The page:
Every year in August, London looks forward to another amazing instalment of Notting Hill Carnival. This keystone event dates as far back as the late 50’s and has been a benchmark for the BAME community in London. Originally created to help solidify the relations between police and the BAME community after the Notting Hill Race Riot, it has since then grown far larger than just a simple means of repairing a fragmented relationship. Now, It is unequivocally considered the highlight for many BAME communities. It’s a day to celebrate and rejoice their culture and traditions out in the open, encapsulating the quintessential essence of British multiculturalism.
Now in it’s 59th anniversary Notting Hill Carnival has captured the hearts of many attracting approximately 2 million people to the streets of London. The processions have grown larger and bolder, with costume designs becoming more eccentric each year. The eclectic fusion of music, dance and food has helped create an atmosphere unlike anything else in Britain, and even though other cultures and customs have begun taking part in the carnival, there remains an authentic element of Caribbean culture.
This year marks one year since the Grenfell tragedy. A year on, the number of people that fell victim to the blaze is still unknown, although government figures have stated that at least 80 people have been confirmed dead, despite massive opposition claiming that the figure is far higher. Additionally, it’s the first Carnival since the Windrush scandal was nationally exposed, which has seen many rightful British citizens who came to the UK almost 70 years ago, either deported or stranded abroad. Furthermore, the unsettling discussions of Brexit has still left many in perpetual uncertainty.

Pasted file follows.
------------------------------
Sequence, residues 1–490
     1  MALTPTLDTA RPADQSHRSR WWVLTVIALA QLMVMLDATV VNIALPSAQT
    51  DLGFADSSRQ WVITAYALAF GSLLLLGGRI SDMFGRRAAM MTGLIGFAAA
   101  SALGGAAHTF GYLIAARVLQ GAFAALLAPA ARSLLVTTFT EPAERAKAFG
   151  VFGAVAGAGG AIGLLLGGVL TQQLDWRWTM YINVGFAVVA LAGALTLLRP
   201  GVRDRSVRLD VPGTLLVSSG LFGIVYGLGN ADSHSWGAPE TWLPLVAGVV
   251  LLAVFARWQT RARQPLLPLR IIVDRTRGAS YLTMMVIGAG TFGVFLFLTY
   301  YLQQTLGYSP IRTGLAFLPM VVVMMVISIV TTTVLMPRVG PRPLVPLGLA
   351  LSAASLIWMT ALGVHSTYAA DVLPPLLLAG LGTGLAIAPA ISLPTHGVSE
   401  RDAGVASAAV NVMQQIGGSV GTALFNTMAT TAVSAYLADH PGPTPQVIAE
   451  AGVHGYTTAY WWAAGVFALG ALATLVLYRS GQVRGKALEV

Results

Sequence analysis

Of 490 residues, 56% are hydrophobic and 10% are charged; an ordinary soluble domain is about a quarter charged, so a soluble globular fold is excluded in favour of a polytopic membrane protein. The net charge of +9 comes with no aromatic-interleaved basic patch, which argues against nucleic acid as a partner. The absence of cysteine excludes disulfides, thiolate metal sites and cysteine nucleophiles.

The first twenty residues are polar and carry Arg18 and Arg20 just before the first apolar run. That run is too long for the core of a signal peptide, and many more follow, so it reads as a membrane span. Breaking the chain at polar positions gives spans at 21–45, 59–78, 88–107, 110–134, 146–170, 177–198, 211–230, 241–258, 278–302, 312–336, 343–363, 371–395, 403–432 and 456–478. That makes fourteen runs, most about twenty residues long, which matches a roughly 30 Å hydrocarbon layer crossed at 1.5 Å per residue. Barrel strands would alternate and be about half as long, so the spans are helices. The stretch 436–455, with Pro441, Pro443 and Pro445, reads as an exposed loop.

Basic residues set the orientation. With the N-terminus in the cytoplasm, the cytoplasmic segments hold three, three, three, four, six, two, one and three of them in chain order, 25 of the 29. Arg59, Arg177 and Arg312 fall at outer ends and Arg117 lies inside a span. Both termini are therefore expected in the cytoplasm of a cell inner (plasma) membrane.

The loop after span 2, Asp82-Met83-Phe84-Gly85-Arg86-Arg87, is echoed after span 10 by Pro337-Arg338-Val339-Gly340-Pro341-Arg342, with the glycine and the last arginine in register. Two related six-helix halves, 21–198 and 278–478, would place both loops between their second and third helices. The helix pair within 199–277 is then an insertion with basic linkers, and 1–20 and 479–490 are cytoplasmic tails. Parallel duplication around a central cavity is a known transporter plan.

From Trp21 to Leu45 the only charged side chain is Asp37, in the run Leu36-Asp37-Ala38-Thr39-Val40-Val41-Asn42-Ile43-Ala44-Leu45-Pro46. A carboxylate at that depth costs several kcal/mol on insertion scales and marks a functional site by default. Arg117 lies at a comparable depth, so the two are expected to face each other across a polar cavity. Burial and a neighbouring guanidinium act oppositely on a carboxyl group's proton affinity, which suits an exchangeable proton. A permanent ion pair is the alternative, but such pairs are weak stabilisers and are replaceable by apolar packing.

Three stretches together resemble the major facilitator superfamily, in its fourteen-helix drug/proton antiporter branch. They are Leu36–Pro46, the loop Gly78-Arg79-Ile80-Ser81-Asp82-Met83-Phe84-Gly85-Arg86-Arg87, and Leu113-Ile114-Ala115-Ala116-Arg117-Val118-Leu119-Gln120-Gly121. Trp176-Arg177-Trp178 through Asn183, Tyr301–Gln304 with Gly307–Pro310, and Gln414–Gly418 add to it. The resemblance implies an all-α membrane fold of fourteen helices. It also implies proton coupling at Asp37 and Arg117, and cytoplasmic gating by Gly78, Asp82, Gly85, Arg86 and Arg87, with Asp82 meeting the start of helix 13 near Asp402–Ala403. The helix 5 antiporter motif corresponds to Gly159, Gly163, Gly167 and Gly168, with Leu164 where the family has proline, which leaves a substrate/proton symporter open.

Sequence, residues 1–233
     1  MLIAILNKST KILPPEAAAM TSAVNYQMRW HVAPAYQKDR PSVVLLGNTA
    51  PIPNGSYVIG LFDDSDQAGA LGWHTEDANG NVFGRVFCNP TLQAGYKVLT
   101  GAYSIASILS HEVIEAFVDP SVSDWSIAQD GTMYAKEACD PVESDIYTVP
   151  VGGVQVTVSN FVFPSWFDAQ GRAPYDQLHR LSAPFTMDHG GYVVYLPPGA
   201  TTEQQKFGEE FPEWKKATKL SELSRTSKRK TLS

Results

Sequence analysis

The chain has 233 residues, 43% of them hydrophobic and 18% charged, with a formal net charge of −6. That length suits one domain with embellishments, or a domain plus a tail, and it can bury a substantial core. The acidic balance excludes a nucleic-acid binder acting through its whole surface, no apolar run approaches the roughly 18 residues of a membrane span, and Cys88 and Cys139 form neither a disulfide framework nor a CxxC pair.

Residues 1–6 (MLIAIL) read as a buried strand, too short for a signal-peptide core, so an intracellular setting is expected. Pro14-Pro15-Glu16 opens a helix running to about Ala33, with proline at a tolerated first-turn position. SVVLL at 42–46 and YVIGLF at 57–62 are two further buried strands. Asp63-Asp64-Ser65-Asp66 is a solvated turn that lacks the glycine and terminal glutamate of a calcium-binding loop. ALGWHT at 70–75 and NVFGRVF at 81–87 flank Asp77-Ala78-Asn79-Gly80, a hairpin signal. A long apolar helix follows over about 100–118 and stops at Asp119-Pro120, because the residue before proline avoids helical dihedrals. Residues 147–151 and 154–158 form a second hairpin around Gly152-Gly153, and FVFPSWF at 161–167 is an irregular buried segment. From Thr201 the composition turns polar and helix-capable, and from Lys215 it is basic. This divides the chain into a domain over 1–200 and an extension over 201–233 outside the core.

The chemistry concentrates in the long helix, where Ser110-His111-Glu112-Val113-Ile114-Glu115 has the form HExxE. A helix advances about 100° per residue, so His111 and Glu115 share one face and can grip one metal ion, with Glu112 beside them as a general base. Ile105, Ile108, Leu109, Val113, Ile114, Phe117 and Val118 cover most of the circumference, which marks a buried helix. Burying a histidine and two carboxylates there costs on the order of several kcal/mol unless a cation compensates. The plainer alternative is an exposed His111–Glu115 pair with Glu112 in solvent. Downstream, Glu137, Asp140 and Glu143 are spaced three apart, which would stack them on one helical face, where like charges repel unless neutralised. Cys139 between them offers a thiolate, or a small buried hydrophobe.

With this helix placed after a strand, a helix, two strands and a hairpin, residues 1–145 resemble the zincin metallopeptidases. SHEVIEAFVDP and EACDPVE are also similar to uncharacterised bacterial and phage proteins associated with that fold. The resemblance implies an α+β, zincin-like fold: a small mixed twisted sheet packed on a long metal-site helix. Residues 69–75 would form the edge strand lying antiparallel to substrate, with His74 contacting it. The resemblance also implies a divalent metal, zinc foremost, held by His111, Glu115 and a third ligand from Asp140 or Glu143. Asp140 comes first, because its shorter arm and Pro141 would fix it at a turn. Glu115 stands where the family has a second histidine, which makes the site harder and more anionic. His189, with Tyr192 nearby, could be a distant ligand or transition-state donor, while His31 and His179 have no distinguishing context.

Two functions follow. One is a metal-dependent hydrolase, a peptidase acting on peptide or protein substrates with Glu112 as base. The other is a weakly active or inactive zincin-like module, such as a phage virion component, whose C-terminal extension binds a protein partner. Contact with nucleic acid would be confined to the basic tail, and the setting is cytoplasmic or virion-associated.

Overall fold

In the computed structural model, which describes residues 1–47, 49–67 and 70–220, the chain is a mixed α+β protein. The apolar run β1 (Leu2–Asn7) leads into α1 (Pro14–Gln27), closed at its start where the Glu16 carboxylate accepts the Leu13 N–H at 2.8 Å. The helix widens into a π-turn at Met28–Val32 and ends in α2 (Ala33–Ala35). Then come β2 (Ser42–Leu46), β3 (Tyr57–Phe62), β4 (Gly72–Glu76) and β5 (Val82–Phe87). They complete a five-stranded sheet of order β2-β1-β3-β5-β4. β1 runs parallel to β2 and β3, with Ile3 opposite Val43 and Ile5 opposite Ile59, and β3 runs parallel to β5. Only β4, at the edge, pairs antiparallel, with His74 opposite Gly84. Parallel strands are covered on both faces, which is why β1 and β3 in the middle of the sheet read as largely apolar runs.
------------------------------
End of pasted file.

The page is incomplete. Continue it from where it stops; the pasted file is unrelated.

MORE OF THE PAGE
Perhaps the best thing that can happen to the BAME community of London is an event like Notting Hill Carnival, considering its inception fundamentally lies on the principles of community and solidarity. Last year carnival revellers held a minute silence to pay their respect to the victims of the Grenfell tower. Its gestures like these that capture the essence and spirit of Notting Hill Carnival, rejoicing each other’s similarities and respecting one another’s differences. It is for this reason that Notting Hill Carnival was created.
Ultimately, Notting Hill Carnival is a day for people of all backgrounds and communities to take part and enjoy themselves. And considering that the weather is looking very promising this year (with us already experiencing highs of 38*C) it’s expected to be another great successful carnival with a large turnout.
To prepare everyone, we’ve added map of this year’s parade to help you navigate the crowds. If you decide to join in the festivities, then we highly recommend you plan your journey beforehand and download this map directly to your phone so that you can use offline, as you’ll find it notoriously difficult to receive any network signal.
View the original interactive map of Notting Hill Carnival 2018